Giving Compass' Take:

• Business Fights Poverty, and the League of Intrapreneurs found that if companies invest in four main areas, there will be far more innovation in the social impact sector. 

• One of the main areas the authors discuss is what they call, "purpose beyond profit," in which companies need to clearly articulate the purpose of their mission to enhance social innovation. 

• Read about the competitive advantages of social enterprises. 

According to Gifford Pinchot III, who coined the term in 1978, intrapreneurs are “dreamers who do.” They bring much-needed entrepreneurial capacity to large, systematized organizations.

Over a six-month period this year, our organizations—Business Fights Poverty and the League of Intrapreneurs—engaged company leaders, intrapreneurs, and social innovation practitioners in a series of international workshops, online learning events, and in-depth interviews. Our research uncovered increased company investment in social innovation, as well as intrapreneurship incubators, accelerators, and funds. But, perhaps unsurprisingly, we also observed the limits of these approaches without a wider enabling environment.

Like social entrepreneurs, intrapreneurs need a healthy ecosystem to survive and thrive. Companies that take a holistic approach and invest across four main areas—purpose, people, power and pipeline—are more likely to see social innovation not only spark, but scale.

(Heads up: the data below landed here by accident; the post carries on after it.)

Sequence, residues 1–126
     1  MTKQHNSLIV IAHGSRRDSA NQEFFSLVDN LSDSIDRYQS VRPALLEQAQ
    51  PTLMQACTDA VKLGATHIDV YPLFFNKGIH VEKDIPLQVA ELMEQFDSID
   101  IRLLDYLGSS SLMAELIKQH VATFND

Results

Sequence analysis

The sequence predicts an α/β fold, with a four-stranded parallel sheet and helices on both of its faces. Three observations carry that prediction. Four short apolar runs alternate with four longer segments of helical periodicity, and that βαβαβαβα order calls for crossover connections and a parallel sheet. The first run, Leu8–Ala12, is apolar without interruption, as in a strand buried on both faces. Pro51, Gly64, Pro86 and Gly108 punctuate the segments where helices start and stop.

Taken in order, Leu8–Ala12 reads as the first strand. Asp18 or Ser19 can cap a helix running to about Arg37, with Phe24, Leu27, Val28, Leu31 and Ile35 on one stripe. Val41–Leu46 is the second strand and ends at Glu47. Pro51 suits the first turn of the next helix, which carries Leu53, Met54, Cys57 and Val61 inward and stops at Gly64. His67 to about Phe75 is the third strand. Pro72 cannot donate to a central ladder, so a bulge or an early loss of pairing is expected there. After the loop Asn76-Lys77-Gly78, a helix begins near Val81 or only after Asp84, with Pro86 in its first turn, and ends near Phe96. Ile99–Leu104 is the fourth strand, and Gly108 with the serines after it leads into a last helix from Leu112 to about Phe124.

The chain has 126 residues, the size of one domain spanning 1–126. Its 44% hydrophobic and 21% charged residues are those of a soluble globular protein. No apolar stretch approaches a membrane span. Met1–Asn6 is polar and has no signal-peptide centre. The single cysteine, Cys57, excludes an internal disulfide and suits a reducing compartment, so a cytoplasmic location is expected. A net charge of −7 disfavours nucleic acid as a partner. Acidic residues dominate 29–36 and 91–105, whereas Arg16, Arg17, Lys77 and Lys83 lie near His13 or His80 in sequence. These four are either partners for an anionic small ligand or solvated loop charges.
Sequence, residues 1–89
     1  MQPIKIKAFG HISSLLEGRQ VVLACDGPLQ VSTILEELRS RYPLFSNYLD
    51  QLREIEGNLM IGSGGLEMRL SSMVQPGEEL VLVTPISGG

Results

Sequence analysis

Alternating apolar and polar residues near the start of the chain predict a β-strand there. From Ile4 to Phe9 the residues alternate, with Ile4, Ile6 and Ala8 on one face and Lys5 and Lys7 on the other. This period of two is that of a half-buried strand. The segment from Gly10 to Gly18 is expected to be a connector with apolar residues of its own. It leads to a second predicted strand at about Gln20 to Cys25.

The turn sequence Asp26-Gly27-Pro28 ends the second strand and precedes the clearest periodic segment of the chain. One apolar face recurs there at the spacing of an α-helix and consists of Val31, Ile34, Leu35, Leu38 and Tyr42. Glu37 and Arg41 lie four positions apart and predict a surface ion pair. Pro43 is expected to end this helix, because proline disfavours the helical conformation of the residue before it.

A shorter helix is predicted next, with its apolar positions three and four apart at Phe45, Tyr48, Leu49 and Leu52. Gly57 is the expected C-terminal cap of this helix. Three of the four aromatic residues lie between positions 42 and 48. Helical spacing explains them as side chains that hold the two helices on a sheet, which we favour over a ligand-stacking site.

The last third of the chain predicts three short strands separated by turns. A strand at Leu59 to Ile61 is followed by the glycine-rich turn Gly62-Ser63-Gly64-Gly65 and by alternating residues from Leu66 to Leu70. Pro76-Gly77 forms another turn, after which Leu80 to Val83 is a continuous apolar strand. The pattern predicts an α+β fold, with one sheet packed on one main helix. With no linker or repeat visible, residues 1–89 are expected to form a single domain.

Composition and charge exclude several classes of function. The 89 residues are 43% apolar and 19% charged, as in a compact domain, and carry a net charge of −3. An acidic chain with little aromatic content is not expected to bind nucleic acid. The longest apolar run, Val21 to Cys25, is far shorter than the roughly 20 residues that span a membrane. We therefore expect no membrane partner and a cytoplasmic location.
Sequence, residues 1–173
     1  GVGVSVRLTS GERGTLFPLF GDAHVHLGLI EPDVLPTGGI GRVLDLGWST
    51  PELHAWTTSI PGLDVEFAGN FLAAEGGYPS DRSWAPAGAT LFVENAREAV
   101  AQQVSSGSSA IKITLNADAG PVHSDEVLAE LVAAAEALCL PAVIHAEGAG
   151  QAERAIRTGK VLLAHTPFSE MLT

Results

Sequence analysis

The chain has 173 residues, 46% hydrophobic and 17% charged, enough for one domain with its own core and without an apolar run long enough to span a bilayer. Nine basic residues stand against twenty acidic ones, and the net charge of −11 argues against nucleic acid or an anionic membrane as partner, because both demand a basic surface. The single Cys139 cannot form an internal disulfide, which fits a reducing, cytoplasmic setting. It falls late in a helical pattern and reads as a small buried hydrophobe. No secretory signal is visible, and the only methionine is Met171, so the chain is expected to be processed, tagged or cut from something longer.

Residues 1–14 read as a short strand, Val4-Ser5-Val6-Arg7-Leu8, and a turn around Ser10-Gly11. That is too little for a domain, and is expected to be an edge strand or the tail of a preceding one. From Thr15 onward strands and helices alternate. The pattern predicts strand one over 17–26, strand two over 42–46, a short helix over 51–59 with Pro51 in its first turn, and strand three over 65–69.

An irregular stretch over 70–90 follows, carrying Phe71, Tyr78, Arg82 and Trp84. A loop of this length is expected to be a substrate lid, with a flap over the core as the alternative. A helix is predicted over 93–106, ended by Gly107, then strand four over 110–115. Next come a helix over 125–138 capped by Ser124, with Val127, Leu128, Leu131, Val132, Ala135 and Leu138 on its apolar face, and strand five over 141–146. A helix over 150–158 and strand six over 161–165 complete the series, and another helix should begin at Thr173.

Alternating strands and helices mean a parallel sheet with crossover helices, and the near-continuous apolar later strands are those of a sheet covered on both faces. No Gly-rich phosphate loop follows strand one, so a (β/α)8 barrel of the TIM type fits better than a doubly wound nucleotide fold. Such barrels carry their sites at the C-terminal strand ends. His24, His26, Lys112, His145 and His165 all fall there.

1. Purpose Beyond Profit: Companies that have a clearly articulated purpose that references social impact automatically create a more supportive environment for social intrapreneurs. Officially recognizing purpose beyond profit enables social innovators to link their new ideas to company priorities, and illustrate how their efforts support broader definitions of value and purpose.
  2. People as Change Agents:  Research among hundreds of leading companies revealed that employees are one of the biggest sources of innovation. Companies can optimize this resource by building capabilities for innovation, and developing rewards and incentives that encourage sideways-thinking and experimentation.
  3. The Power of We: Power, in its various forms, is a major determinant of an intrapreneur’s success. When power is centralized or contained within small groups, or when departments don’t effectively collaborate, it limits opportunities for new ideas and divergent thinking.
  4. A Generative Pipeline: If company leaders want to increase intrapreneurial innovation, they need to develop programs and processes explicitly designed to generate, incubate, and scale ideas.

Read the full article about social intrapreneurs by Hester le Roux & Maggie De Pree at Stanford Social Innovation Review